What the difference between Digital Flash and Analog Flash (old type)


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Aug 2, 2005
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Woodlands
#1
What the difference between Digital Flash and Analog Flash (old type),
if I am using DSLR, i have to buy Digital flash instead of old type flash?
 

Dream Merchant

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Jan 11, 2007
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#2
Without getting too technical...

1) One works in tandem with modern DSLRs and includes preflash functions for metering, incorporates advanced microprocessors and usually features low flash triggering voltages,

2) No, it's absolutely possible to use analog flash units with DSLRs. Just be sure to check the flash triggering voltage limit of your camera body, and the flash triggering voltage of the particular flash unit you're interested in (Google). Some advanced systems like the Metz SCA may still give you TTL functions on particular models with the appropriate SCA adapters.
 

Aug 2, 2005
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Woodlands
#3
Without getting too technical...

1) One works in tandem with modern DSLRs and includes preflash functions for metering, incorporates advanced microprocessors and usually features low flash triggering voltages,

2) No, it's absolutely possible to use analog flash units with DSLRs. Just be sure to check the flash triggering voltage limit of your camera body, and the flash triggering voltage of the particular flash unit you're interested in (Google). Some advanced systems like the Metz SCA may still give you TTL functions on particular models with the appropriate SCA adapters.
Now the question is :

1. How to check the flash triggering voltage limit of the camera body.
2. How to check the Flash triggering voltage of the flash unit.

Thanks...
 

karnage

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Feb 26, 2005
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Ang Mo Kio
#4
Actually, it's not absolutely impossible to use analog flashes with dSLRs. You can if you use radio triggers or IR-triggers... aka wireless flash.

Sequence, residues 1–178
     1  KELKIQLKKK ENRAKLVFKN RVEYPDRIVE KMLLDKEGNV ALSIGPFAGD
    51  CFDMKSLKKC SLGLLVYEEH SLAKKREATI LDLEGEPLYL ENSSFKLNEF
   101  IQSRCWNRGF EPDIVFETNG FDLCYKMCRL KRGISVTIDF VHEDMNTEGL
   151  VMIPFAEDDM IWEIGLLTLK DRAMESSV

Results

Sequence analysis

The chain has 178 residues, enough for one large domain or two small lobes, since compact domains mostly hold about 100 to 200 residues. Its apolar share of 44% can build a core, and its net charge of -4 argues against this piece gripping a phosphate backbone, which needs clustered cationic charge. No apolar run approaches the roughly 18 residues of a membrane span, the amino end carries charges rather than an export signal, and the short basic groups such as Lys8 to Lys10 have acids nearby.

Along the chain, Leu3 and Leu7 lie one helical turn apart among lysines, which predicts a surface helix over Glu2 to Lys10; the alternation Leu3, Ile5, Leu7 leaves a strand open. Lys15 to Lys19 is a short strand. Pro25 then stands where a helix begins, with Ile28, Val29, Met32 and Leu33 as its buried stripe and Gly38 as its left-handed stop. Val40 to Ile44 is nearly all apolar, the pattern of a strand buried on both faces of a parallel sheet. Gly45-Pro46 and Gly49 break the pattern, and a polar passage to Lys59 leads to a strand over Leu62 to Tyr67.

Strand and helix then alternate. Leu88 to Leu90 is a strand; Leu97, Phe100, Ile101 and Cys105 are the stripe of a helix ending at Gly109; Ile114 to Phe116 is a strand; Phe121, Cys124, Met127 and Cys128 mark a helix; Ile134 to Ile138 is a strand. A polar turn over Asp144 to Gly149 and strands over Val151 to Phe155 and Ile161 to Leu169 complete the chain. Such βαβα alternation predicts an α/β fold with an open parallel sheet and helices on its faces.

Most dSLRs have a limit of 6V or so for triggering flashes. Old type flashes trigger voltage go up to a couple of hundred volts (though I'm not quite sure how they upregulate the voltage from 4AA's). I believe you can use a multimeter to touch the central pin and a pin at the side of the hotshoe and then test fire. You gotta check up more on that though...
 

Aug 2, 2005
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Woodlands
#5
Actually, it's not absolutely impossible to use analog flashes with dSLRs. You can if you use radio triggers or IR-triggers... aka wireless flash.

Most dSLRs have a limit of 6V or so for triggering flashes. Old type flashes trigger voltage go up to a couple of hundred volts (though I'm not quite sure how they upregulate the voltage from 4AA's). I believe you can use a multimeter to touch the central pin and a pin at the side of the hotshoe and then test fire. You gotta check up more on that though...
If flash trigger voltage over, will it damage the flash or the camera ?
sorry I'm a " Out Door Man " :dunno:
 

karnage

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Feb 26, 2005
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Ang Mo Kio
#7
If flash trigger voltage over, will it damage the flash or the camera ?
sorry I'm a " Out Door Man " :dunno:
Haha! Guess you got your answer: Yes, it will FRY your circuits. :bsmilie:
 

Octarine

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Jan 3, 2008
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Pasir Ris
#9
That mean is better to buy original flash to match your camera body instead of 3rd party flash ???
It is better to know and to make decisions based on facts instead of hearsay. Lot's of 3rd party flashes around, read up about the limitations, then decide.
 

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